The Myrtleford Annual Weaner Sale today proved "mud means money" as prices hit $1880 a head, after the region received up to 163 millimetres of rain for the week.
Local producers attempted to compete for the 1852 head yarding at the Paull Scollard Nutrien Ag Solutions sale on Friday, but it was the feedlot buyers who dominated.
Heavy weaner steers, weighing from 380 to 430 kilograms returned 400-427 cents a kilogram, with the top price of $1880/hd paid for a pen of Angus steers, average 440kg, offered by Les Brines, Rosewhite.
"It is true what they say, mud means money. This is the best autumn break we have had in a really long time," Myrtleford drover Dick Dale said.
Wagga commission buyer Andrew Lowe, Landmark International's Andrew Wishart, commission buyers Duncan Brown and Peter Tuohey, and Ravensworth Feedlot led the charge in the buying gallery.
Major vendor Rob Muller, Buckland Valley, offered 100 black baldy steers which hit $1670, av $1448/hd, and 95 Angus heifers topped at $1410, av $1265. The steer offering averaged 348kg, and 441c/kg.
After being threatened by fires in January which forced him to hold stock in containment yards for three weeks, Mr Muller said the sale was "a nice reward for the effort".
He received 163mm at his Buckland Valley property last week, and said his spring calving cows were set up for a "magnificent" season.
Neighbour Peter Eggleston sold a pen of light steers for 475c/kg, and said the market kick "would instill confidence in breeders in the North East to continue doing what they do best - that's breeding great cattle".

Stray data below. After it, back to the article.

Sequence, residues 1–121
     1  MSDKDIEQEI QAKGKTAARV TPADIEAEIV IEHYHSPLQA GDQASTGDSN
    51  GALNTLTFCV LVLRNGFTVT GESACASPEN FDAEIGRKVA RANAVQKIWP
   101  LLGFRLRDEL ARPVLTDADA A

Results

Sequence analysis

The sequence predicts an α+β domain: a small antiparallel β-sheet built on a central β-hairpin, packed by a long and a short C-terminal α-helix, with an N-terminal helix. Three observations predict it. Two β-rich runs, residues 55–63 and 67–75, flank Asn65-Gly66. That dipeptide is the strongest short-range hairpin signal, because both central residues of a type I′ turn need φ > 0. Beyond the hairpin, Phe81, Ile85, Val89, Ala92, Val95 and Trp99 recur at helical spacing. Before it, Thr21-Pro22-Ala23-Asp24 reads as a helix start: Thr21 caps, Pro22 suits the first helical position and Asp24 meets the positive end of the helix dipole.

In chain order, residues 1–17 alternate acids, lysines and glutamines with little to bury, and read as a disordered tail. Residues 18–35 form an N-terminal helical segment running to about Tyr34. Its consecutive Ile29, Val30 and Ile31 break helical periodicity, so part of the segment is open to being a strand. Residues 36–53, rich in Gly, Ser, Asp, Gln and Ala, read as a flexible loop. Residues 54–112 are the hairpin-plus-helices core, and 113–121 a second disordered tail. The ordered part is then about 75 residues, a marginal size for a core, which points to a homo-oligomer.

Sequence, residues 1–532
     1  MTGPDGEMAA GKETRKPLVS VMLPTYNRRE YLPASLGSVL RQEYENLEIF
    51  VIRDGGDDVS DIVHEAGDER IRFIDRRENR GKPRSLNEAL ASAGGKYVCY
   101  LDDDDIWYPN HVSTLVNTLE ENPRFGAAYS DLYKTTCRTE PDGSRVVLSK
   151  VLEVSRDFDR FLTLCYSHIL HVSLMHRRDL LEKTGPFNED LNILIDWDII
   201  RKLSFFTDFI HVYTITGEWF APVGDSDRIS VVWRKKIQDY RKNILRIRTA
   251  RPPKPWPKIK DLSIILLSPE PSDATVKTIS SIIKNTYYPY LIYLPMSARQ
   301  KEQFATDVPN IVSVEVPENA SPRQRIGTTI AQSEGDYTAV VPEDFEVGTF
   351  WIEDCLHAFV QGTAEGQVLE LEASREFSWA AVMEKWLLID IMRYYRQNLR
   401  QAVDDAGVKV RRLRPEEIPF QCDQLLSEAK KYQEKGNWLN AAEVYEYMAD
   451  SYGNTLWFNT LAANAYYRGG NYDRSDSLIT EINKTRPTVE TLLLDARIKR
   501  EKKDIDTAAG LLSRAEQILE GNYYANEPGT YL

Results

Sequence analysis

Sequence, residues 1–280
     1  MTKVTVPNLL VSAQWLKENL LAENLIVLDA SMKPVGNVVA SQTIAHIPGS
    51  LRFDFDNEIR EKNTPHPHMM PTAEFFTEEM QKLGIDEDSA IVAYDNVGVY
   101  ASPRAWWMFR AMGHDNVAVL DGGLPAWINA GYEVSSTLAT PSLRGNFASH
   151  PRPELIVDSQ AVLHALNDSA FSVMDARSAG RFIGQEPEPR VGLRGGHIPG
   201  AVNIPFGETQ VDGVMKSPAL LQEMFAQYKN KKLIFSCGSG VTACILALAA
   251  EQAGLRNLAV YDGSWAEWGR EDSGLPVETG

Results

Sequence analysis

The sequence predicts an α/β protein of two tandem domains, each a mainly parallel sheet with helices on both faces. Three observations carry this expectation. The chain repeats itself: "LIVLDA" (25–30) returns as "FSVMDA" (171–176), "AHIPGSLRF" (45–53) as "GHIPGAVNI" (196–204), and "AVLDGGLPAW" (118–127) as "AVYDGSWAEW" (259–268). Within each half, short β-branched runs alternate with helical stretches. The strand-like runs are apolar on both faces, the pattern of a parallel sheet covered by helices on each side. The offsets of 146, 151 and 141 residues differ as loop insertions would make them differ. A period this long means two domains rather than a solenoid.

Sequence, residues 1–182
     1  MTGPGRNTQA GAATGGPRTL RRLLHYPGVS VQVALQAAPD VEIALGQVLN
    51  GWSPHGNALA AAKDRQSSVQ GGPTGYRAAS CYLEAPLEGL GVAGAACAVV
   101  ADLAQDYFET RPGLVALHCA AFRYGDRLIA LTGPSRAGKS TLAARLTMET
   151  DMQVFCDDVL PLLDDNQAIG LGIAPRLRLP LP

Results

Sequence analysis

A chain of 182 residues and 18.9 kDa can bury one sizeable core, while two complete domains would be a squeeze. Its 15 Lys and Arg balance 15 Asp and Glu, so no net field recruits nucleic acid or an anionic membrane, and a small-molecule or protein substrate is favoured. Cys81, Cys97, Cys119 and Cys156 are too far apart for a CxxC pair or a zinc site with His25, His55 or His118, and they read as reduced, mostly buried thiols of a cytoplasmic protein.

Local vendor, O'Connor's View, offered two pens of heavy Angus steers, which sold to $1720, (or 421c/kg at 409kg), and 14 head to $1590, (or 458c/kg at 347c/kg).
In the lighter run of weaners steers, Stuart Robertson, Myrtleford was thrilled to receive $1490/hd , or 495c/kg, for a pen of 301kg Angus steers, followed by $1300/hd, or 528c/kg, 246kg, as competition between feedlots and backgrounders heated.
Local buyer Bryan Proctor, Indigo Valley, worked hard to secure 100 replacement Angus steers but said whether you were buying or selling, the turn in the market and season was welcome.
"Anyone that complains about the rain or cattle prices is an idiot. There is nothing sillier than a farmer with grass and no cattle - so I need to buy," he said.
"There have been so many females slaughtered out of the system and no one knows where the numbers will come from, so I still think there is a return there."
The heifer run didn't disappoint, Chris Dalbosco, Eurobin, offering 42 Angus steers, which topped at $1580, or 421c/kg, and 26 heifers at $1460/hd, for an estimated 389c/kg.
Paull & Scollard Nutrien Ag Solution manager Dan Ivone said some of the top prices were the highest he had ever seen at the annual sale.
"Wehave had a good season here but people were getting a little bit nervous in the past fortnight," Mr Ivone said.
"We had about four inches of rain throughout the valley which has set us up for autumn. Buyers from the north and south were very strong today, and locals who would normally stand up were struggling to buy any. cattle":